One of the biggest causes of my social anxiety and depressed feelings is the thought that I’m somehow flawed in a fundamental way.
This low self-worth (which I think is one of the four horsemen) is the basis of my fear, anxiety and why I hold myself back.
So many of us are afraid of anyone finding out about our hang-ups and problems, we never open up enough for others to really connect with us. As a consequence, all the connections we do make are shallow, transient and unfulfilling.
It’s no wonder for many life seems meaningless, difficult and lonely.
This sense of being flawed seems to be created by the culture we live in. We think modern society is tolerant but it can be remarkably punitive its own way.
It happens at school in our youth as bullying which continues into adulthood. Because of our society, our peers pitch values and aspirations so high our low self-worth becomes a part of who we are. We can see we’re not matching up, worry that we won’t, or work so hard trying.
Values like youth, wealth, beauty, gregariousness, outgoing, worldly, experienced, sexy, knowledgeable, upbeat, successful, innocent, wise etc.
The stigma of mental illness runs into the medical profession. Our problems are seen a less important because it’s all ‘just in our head’.
When we are diagnosed with an illness like heart disease we know it’s to do partly with diet and biology, which we know we can influence.
But when it comes to a diagnosis of depression or anxiety it’s different. We feel it’s a label of something permanent, a fixture. I am socially anxious.
So getting medical help can be a double-edged sword. Such a diagnosis can get us the support we need, but it reinforces our sense of being flawed, weak and unworthy.
I didn’t take the medical route. I’ve never been diagnosed with anxiety or depression. I sometimes think that was a mistake, but now I see its benefits.
Feeling flawed is hard to overcome. It’s based on the idea of a fixed ‘self’ within us. Our identity, the part that doesn’t change. Yet more research shows that concept to be flawed. Buddhism also rejects the idea of a fixed self.
Once you accept that and believe it, you realise the anxiety is transitory. Or it’s but a part of you, not the whole.
Our sense of self is such an important aspect of our existence. Our identity is how we perceive the world and our role in it. We all want to feel as though we add something to this world, our friends.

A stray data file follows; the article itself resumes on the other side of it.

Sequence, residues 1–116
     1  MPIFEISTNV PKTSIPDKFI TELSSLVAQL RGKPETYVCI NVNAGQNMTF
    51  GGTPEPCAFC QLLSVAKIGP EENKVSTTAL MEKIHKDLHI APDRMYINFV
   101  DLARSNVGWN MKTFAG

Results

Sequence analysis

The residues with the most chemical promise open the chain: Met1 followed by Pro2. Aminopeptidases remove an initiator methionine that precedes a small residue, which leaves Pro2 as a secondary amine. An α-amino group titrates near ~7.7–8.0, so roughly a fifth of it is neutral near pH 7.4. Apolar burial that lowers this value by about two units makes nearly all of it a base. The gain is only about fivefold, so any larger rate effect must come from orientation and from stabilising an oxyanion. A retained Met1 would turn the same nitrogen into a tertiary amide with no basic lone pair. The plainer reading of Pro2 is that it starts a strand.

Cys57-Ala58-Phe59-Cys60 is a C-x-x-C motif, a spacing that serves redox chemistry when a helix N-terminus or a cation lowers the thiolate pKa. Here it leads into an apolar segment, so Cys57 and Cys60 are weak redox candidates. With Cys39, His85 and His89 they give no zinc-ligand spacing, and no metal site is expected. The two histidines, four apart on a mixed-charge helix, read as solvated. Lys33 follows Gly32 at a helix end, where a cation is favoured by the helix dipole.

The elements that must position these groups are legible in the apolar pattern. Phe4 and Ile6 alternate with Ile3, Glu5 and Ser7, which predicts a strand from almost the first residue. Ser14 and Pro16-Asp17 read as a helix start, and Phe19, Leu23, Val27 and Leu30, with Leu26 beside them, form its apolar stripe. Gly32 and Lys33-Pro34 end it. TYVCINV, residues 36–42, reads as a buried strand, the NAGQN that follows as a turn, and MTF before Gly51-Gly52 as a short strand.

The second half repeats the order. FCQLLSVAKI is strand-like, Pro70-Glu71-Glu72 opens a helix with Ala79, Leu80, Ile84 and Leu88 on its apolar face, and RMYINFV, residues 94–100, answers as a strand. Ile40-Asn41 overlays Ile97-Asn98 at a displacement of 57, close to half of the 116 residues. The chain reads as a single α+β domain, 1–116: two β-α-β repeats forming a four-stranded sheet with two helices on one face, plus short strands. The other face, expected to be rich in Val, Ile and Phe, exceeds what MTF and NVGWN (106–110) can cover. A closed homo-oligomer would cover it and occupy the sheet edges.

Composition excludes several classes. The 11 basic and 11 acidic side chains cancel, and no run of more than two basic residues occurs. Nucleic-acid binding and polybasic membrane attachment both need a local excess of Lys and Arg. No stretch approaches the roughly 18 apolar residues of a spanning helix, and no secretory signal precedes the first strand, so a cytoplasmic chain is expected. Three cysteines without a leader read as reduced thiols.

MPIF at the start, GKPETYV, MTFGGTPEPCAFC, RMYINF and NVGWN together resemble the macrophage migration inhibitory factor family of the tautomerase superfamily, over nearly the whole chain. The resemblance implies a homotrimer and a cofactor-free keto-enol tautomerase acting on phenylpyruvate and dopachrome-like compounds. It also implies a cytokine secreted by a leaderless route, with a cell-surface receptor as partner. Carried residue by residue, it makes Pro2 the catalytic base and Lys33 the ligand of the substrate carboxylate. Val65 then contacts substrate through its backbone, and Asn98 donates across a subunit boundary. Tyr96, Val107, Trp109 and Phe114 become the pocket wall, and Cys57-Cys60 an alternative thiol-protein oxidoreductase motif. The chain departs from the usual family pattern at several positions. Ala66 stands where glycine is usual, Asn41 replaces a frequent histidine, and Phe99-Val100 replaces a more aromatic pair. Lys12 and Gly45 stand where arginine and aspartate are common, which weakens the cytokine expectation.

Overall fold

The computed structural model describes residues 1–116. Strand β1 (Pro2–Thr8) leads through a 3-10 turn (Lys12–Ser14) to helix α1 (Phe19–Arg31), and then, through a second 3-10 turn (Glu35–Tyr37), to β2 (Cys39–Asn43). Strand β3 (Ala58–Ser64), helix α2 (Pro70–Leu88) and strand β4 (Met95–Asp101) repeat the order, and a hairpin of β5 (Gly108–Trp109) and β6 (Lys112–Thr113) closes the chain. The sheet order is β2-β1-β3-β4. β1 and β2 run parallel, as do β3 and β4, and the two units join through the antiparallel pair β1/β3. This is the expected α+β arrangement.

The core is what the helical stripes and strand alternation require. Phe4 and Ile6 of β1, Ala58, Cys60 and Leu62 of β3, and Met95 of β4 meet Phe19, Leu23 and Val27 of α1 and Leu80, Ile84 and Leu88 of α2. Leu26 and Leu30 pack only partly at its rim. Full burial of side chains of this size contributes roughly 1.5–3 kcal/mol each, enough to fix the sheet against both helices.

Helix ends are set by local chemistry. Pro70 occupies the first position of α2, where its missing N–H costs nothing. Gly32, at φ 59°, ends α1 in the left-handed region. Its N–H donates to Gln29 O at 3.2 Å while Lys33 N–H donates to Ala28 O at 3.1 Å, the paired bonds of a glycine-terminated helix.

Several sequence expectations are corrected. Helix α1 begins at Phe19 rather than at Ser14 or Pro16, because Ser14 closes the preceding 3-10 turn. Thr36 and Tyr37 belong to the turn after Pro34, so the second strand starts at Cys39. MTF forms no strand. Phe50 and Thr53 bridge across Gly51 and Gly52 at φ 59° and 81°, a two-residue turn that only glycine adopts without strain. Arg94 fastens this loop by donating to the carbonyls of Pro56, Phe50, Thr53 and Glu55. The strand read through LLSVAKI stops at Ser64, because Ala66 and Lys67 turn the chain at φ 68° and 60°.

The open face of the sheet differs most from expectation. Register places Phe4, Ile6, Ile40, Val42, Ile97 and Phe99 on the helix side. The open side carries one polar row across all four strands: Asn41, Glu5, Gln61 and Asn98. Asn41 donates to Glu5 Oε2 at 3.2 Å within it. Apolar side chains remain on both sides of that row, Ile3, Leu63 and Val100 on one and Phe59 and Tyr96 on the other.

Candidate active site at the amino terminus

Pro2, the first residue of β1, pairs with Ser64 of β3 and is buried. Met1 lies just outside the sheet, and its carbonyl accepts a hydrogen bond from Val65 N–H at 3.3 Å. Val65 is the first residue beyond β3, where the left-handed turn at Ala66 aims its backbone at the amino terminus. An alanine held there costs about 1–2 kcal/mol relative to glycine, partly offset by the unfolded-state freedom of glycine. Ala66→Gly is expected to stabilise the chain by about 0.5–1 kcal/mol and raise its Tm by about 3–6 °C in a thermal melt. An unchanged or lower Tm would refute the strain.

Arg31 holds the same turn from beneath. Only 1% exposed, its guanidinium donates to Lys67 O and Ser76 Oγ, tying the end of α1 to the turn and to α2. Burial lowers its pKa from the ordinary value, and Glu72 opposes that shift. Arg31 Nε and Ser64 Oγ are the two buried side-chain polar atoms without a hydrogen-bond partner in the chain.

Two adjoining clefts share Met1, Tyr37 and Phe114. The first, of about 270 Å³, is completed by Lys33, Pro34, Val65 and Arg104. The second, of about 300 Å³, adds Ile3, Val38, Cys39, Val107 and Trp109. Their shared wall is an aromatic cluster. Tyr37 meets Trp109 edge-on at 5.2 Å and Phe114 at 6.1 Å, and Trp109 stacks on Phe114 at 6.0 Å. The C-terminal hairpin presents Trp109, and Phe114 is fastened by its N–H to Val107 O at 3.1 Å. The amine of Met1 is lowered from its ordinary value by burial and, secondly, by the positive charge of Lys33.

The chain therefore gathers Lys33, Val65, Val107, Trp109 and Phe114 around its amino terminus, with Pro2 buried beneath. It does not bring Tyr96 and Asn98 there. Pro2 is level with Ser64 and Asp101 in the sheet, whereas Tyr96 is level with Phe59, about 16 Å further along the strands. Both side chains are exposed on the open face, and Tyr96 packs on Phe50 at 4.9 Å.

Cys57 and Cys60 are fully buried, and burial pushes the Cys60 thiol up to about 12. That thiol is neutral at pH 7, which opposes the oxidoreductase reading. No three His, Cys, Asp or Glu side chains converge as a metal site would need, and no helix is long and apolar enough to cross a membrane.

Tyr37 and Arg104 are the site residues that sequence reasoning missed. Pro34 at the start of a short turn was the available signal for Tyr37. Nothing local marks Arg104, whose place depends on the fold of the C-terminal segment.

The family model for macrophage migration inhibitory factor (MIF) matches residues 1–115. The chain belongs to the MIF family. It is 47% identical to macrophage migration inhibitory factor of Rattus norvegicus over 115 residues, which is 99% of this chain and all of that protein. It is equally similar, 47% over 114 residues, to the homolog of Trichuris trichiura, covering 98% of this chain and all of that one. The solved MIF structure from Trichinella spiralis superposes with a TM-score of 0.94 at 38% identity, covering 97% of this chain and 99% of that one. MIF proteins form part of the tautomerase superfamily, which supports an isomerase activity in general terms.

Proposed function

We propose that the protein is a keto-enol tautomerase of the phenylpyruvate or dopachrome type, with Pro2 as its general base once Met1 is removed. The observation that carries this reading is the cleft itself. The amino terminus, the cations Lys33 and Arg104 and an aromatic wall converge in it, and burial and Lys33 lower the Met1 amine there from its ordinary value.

We define our worth according to the contribution we make. To be told it’s nothing, worthless, is to be rejected by society as a whole. There is no place for us.
Being so alone means what’s life not worth living for if I have no worth! It shows how our emotions and beliefs can undermine our existence if we let them.
The sense of our own goodness and value is the basis for why we do many things. Without it, we can become close to the precipice of ending it all. Denying the world our unique insight and our contribution to the world. The part where we make a difference
It’s all about shame, a very toxic emotion. To be free of it is to take a big step towards valuing ourselves regardless of whether we mess up or not. That to me is one way out of this hole. Rejecting this notion of being flawed.
There’s nothing wrong with you, nothing that can’t be changed. Mental illness included. Just because your ill doesn’t mean you have no worth.
To see that no matter how screwed up our past is we can change and put something worthwhile out into the world.
Our past doesn’t define us, it feels like we can’t change. But this is yet another illusion. These illusions, the disempowering beliefs are what we need to let go of.
You can help someone to tomorrow, with a kind word, a web link, advice compassion or just being there.
So stop thinking that there something fundamentally wrong with you, there isn’t. It’s a trick your mind is playing on you.